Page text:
There are too many extremely politically-powerful people in state and regional government standing in the way of an Outer Perimeter being built, particularly with regards to the Northern Arc which runs through some of the most affluent suburban areas in the nation and was officially cancelled by Governor Sonny Perdue in 2003 due to overwhelming opposition from a robust coalition of area residents, area landowners, regional environmentalists and regional transit activists.

The robust coalition that took down the Outer Perimeter/Northern Arc over a decade ago was pretty much the same across-the-board coalition that took down last year’s unpopular T-SPLOST, but without the Tea Party labels of the current political climate.

Second and/or third outer loops and bypasses around major North American cities include:

…Untolled I-495 around west of Boston;

…Untolled I-287 outside of New York City;

…Untolled TX Hwy 1604 north of San Antonio;

…Tolled FL Hwy 821 north & west around Miami;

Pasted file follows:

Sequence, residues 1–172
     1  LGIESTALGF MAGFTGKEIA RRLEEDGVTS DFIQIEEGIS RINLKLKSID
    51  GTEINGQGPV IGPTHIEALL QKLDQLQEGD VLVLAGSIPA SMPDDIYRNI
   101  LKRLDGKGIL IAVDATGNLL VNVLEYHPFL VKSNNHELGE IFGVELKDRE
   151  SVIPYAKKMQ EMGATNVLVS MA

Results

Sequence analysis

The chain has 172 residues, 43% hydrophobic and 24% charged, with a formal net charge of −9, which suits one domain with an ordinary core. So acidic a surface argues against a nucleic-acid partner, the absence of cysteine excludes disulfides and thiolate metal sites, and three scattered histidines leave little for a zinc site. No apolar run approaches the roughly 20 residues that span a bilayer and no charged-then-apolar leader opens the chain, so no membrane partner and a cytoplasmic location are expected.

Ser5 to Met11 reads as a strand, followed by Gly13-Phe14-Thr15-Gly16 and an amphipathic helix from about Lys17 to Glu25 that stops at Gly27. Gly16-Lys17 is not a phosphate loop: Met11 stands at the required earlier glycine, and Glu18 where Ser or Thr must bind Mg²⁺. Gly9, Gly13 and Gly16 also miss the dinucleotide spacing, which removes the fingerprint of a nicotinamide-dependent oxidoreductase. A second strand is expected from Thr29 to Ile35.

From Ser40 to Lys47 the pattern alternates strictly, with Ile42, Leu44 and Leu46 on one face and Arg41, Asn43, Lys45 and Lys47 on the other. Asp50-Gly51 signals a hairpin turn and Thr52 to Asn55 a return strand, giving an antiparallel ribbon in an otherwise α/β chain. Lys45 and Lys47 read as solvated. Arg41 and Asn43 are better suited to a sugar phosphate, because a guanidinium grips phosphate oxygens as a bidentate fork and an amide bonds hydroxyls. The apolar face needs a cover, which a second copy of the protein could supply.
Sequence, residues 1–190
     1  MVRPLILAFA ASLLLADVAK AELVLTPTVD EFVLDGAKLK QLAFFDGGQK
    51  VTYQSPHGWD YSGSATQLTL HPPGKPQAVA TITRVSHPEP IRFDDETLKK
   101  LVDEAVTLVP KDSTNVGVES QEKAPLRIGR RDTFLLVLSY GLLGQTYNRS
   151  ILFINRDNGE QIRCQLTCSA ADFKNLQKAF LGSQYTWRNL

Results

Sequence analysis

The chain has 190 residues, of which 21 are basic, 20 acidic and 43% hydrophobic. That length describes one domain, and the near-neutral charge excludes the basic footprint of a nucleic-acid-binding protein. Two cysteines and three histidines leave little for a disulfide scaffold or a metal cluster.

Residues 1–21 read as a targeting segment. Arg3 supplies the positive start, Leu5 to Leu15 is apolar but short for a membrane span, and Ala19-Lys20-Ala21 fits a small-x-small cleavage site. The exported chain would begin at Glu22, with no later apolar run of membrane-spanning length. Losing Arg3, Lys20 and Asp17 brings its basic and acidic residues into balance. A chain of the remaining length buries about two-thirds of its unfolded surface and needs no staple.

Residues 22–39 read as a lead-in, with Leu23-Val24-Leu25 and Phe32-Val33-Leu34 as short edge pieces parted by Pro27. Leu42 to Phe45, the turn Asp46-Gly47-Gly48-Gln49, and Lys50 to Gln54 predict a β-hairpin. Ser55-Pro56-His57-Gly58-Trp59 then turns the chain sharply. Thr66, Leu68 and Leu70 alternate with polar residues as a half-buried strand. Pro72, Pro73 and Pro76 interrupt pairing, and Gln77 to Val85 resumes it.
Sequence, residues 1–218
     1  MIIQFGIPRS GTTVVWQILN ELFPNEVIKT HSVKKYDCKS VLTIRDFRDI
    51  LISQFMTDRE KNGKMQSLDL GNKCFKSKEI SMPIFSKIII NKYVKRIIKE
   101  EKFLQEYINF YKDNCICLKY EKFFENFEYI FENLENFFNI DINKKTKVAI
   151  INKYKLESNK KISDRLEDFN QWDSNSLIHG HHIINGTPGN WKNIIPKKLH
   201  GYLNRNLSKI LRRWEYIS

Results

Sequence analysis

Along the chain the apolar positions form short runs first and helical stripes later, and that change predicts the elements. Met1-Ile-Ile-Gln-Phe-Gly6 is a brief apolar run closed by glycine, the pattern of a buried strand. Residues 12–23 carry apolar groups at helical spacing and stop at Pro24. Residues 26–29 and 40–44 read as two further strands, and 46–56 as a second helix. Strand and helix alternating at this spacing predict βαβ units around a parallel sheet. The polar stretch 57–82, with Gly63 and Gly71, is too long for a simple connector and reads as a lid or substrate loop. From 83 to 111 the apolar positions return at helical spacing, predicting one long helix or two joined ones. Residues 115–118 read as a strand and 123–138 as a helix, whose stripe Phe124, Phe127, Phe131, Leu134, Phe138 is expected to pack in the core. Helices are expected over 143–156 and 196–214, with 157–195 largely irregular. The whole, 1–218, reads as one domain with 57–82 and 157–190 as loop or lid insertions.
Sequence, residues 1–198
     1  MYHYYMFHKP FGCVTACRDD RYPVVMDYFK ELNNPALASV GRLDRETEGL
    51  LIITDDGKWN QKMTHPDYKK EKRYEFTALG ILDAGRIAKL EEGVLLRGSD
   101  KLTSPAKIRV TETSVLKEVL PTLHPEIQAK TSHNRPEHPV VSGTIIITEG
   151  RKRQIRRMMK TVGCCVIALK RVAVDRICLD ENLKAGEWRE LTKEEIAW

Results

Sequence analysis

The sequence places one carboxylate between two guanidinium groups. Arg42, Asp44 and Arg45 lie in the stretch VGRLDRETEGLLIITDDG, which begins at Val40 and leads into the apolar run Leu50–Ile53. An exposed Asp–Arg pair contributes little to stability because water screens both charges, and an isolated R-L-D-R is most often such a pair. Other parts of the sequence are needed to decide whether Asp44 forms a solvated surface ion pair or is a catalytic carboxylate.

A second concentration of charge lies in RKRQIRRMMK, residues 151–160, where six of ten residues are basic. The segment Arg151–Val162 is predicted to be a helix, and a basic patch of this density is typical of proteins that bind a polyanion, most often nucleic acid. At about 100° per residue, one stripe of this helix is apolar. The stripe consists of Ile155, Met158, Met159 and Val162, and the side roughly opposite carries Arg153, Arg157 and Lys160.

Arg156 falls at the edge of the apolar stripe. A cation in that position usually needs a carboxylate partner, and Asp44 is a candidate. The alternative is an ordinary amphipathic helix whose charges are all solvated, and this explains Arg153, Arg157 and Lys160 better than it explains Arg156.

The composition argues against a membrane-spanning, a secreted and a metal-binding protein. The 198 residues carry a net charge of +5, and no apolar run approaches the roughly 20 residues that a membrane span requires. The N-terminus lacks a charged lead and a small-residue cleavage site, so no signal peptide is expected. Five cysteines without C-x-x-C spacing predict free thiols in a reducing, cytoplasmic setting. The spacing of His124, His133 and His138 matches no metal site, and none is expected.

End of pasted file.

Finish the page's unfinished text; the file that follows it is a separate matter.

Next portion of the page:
…Tolled TX Hwy 8 Sam Houston Tollway around Houston which acts as a reliever road for original outer loop I-610;

…The under construction TX Hwy 99 Grand Parkway around Houston which will be fully tolled when completed and will be the THIRD outer bypass around Houston;

…The Tolled President George Bush Turnpike outside of Dallas;

…The TX Hwy 121 Sam Rayburn Tollway in the far northern outer suburbs of Dallas;

…The I-355 Veterans Memorial North-South Tollway west of Chicago;

…The MD Hwy 200 InterCounty Connector Toll Road through the far northern Maryland suburbs of Washington DC;

…Ontario Highway 407 Express Toll Route through the far-northern suburbs of Toronto which acts as a bypass to the busiest road on the planet, Ontario Highway 401 which carries over 500,000 vehicles daily, a figure which is currently known to be more than any other stretch of road on the entire planet.

Notice that 8 of the 11 second and/or third outer bypasses above are tolled.